}
}

public void scrollChanged(Manager mgr, int newX, int newY) {
if (mgr == this) {
invalidate(newX + sliderXPosition, newY, SCROLLBAR_WIDTH + SCROLLBAR_RIGHT_MARGIN, getVisibleHeight());
}
}
}


Comments
by Developer on ‎08-17-2010 12:10 PM

In fact, scrollChanged can be modified to invalidate only the scrollbar area:

    public void scrollChanged(Manager mgr, int newX, int newY) {
if (mgr == this) {
invalidate(newX + sliderXPosition, newY, SCROLLBAR_WIDTH + SCROLLBAR_RIGHT_MARGIN, getVisibleHeight());
}
}

 

 

by Administrator on ‎08-17-2010 01:11 PM

Thanks arkadyz.  I'll have the article updated with the new scrollChanged method.

by Developer on ‎10-25-2010 05:31 PM

Here is variation on the above, which displays the scroll bar over the top of the screen, then fades it out (mostly).  Based on code supplied during the DEV17 session at Devcon, but with a few additions to help it cope with horizontal scrolling screens, simplify the interpolation (not now as slick, but a lot easier to understand) and cope better with a screen that constantly gets updated (e.g. by menu), meaning the scrollbar should be redisplayed. 

 

Hopefully arkadyz will see his way clear to reviewing this and applying his skill at explaining it, for bears with simple brains like me.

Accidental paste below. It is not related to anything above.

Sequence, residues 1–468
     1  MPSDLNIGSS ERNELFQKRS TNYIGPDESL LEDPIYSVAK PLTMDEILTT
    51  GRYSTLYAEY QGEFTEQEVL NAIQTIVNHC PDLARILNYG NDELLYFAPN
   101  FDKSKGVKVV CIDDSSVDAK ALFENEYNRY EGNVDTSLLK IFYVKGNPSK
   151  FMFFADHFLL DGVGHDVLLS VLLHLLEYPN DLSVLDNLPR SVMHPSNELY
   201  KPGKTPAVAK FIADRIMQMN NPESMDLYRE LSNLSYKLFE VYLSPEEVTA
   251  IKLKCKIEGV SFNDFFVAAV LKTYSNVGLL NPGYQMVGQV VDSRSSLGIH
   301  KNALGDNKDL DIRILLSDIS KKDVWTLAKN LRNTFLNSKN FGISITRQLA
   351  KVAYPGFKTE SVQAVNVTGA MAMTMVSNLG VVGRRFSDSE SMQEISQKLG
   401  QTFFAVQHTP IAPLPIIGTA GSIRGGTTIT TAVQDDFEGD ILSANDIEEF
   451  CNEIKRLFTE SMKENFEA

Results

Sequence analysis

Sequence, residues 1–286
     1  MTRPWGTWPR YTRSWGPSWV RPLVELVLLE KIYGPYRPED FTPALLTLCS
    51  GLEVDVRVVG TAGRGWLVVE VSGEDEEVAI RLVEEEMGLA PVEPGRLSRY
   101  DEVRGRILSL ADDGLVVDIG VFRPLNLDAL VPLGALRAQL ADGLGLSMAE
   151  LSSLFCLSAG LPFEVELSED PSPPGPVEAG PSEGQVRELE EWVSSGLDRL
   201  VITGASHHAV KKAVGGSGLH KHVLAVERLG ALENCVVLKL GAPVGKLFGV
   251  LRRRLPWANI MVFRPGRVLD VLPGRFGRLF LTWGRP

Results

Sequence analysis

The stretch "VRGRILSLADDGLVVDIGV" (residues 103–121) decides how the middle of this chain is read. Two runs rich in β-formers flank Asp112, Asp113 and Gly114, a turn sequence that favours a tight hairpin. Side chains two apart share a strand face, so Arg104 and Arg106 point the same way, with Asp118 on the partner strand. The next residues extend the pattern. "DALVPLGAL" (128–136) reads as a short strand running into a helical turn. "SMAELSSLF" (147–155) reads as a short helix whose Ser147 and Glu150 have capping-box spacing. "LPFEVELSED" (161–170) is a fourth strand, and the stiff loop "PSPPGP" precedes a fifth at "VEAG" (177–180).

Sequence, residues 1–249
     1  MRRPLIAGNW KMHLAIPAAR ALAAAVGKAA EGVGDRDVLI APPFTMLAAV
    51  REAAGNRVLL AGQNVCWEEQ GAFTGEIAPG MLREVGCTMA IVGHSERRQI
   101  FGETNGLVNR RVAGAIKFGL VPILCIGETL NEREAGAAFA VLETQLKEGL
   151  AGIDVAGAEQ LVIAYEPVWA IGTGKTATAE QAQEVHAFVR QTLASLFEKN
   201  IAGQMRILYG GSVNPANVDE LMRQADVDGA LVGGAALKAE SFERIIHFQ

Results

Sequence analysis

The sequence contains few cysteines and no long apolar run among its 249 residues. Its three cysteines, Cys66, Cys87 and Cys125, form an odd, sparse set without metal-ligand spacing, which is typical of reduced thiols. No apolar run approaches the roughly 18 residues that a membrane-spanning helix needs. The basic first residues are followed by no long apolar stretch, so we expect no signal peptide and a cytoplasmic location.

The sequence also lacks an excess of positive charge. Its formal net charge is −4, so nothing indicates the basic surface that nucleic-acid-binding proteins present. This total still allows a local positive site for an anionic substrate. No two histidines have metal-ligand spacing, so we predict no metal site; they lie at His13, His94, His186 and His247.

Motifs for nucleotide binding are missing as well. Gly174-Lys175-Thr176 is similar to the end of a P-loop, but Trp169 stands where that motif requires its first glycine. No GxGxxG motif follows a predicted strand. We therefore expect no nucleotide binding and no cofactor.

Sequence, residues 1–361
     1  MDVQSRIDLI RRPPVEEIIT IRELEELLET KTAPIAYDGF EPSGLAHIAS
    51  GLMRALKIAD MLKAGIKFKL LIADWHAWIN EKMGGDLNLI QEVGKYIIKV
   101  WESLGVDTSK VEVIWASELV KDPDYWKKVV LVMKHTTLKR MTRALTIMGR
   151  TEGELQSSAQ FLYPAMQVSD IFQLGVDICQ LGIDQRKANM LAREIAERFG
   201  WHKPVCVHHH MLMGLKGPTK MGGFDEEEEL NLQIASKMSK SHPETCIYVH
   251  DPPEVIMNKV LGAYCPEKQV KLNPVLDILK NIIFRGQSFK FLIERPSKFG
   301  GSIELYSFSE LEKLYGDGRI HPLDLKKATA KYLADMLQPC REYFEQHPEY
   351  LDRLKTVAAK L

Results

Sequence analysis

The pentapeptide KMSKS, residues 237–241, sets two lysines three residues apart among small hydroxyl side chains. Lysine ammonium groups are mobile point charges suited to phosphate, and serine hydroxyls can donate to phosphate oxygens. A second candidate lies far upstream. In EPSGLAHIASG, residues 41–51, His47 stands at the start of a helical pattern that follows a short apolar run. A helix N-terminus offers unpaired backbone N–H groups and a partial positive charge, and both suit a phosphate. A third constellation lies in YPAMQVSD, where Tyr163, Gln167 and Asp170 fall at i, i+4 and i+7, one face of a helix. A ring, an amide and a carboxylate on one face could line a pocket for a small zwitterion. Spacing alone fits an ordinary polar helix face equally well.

Until then, enjoy this yourself.  Just use this in place of VerticalFieldManager and see what happens....

 

/**
 * VerticalOverlayScrollbarManager.java
 *
 * Developed from the VerticalOverlayScrollbarManager provided by RIM at DEVCON 2010, DEV17
 * in combination with the ideas presented in the sample VSM presented here
 * http://supportforums.blackberry.com/t5/Java-Development/Implementing-a-standard-style-scrollbar-on-a...
 */

import net.rim.device.api.system.Application;
import net.rim.device.api.ui.Graphics;
import net.rim.device.api.ui.Manager;
import net.rim.device.api.ui.ScrollChangeListener;
import net.rim.device.api.ui.container.VerticalFieldManager;
import net.rim.device.api.util.MathUtilities;

public class VerticalOverlayScrollbarManager extends VerticalFieldManager implements ScrollChangeListener {